Interview: 'I belong everywhere yet nowhere': Vir Das on latest Netflix special Landing, dealing with criticism and more

Vir becomes the first Indian comedian to have his fourth Netflix special. He tells us why he’s never cutting on humour, 'landing' India spectacularly in the global comedy scene and more.
Vir Das
Vir Das

Vir Das is a story of several firsts. From being the first Indian comedian to have a Netflix special to being the only Indian comedian to have his fourth one Vir Das: Landing streaming on the platform — he’s become one of the most desired Indian globally, after Priyanka Chopra. Credit to his brand of comedy that transcends borders, he’s been able to tickle the funny bones across geographies with fans pouring in from US, UK, Australia, Canada,Germany, Netherlands, France, Spain, Italy, Japan and more to watch his shows. Couple it with his multi-cultural background of being born in India, raised in Africa, schooled in the US and again coming home to join Bollywood — it has enhanced his understanding of the diverse diaspora.

His style of comedy veers from witty takes on politics (Vir Das: For India) and taking a dig at the ‘isms’ in racism, chauvinism, voyeurism and nationalism (Vir Das: Abroad Understanding) with a discern tone to using slapstick humour to break away from his bag of intelligent jokes. He’s a man armed with a sharp knowledge of his sociopolitical and cultural milieu. That empowers him to spell out truth that is sometimes off-putting but is never bogus. He does court controversy with his acts (I come from Two Indias) but the same monologue rewards him with an Emmy nomination for his truthfulness as an artiste. While criticism or outrage might be a bugbear for the 43-year-old artiste, he’s convinced to make people laugh and carry his country with pride wherever he travels. That forms the intent of his latest Netflix special where he puts out a laudable laughable act of an Indian’s observation in many far-away lands. The act is a profound assertion of his identity as an Indian at home and an outsider in a foreign country — who observes harsh truth and translates them into acts of comedy. As long as Vir is writing such love letters to his country and the world, he has our ears. Perhaps that’s why, the comedian was trending on Twitter minutes after his show’s release. We speak to the actorcomedian-musician who talks about his multi-cultural appeal, vision for comedy and more. Excerpts:

How does it feel to be a global Indian?
Knowing that feeling, one has to give credit to Priyanka Chopra first. She is possibly the most global Indian. But yeah, it feels great to be in the list. If you put me in the room with all the comedians that have got many Netflix specials, I would rather ask for their autograph (laughs).

What was the intent behind the show Vir Das: Landing?
The central feeling attached to it is coming home after travelling the world. Metaphorically, it is about a flight landing home in Mumbai. The show is about the feeling of being at other places while also carrying India with you and what it means to be truly a global citizen. These are some of the broad themes of the show. It’s been written on the roads when I went to 25 countries this year and did about 183 shows. It’s about what you are really thinking about when you are in a foreign country like France or Australia where while observing the surroundings — there are these little snippets from childhood or from your home that cross your mind. They make you think about how you possibly got to the place where you are right now. So it’s about that kind of nostalgia. Apart from that, I have also tried to encapsulate global themes like cancel culture, politics, influence of social media, how the world is becoming more unsafe and more in the show.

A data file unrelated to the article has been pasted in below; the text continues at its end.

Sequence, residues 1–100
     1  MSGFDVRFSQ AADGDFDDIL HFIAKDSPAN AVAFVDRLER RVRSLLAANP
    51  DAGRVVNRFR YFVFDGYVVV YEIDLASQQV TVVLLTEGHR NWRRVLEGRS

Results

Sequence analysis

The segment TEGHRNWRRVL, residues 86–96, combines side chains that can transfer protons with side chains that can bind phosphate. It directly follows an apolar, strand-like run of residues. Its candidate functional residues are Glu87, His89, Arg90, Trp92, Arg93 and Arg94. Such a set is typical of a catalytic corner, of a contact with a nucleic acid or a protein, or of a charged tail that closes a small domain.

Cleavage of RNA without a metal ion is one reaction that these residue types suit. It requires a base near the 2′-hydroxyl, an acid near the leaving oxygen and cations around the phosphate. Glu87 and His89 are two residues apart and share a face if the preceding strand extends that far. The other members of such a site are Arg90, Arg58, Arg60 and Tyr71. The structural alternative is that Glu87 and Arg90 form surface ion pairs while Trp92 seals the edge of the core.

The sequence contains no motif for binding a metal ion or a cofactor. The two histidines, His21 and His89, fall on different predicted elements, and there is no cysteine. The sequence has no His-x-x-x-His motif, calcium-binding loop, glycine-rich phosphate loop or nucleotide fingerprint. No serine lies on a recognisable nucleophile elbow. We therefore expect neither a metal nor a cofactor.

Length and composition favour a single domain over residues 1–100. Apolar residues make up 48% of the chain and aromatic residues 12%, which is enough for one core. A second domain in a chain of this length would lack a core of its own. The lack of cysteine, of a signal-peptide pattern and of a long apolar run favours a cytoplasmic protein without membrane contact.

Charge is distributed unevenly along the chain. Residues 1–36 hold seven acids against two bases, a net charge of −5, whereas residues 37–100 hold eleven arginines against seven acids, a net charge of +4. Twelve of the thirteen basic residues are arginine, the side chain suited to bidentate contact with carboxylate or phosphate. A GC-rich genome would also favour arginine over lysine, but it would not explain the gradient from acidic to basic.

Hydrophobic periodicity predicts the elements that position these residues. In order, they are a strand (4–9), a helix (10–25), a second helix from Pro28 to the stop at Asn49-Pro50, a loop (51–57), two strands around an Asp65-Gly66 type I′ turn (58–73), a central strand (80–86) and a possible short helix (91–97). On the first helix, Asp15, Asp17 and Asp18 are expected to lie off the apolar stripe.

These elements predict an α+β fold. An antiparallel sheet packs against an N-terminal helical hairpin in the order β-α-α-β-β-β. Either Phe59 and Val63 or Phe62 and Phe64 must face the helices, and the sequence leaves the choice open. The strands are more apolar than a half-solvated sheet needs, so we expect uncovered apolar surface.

You were exposed to different cultural milieu since childhood up until your growing up years. Did that culminate into this show?
I think it has. I feel I belong everywhere yet nowhere. I kind of live a life as a perpetual outsider and this show is about embracing that ‘being outsider’ feeling. It takes you a while, a little bit of craft and confidence to finally say at the end of it that okay, maybe I don’t belong to any one particular place but this is the country that I love and this is who I am… and I am going to do more of this. So you’re not trying to fit in anywhere. In a way, being an outsider to various surroundings and subjects has given me that comedic perspective.

So when you say you carry the country with you, what’s your idea of Indianness?
I feel there is a part of the Indian perspective that is truly global. Every big comedy market has local palatable versions of Indian content. There is an American Indian, a British Indian, an Australian Indian or Canadian Indian and so on… and those are very well-established points of view. But there isn’t somebody who is representing the 1.3 billion, going out and talking to them about their own country. So with this show, I want to say that what I am doing is not an immigrant’s story. I am not looking to fit in your (foreign) country or settle down in your country, but this is what I think about your country and my perspective is valid.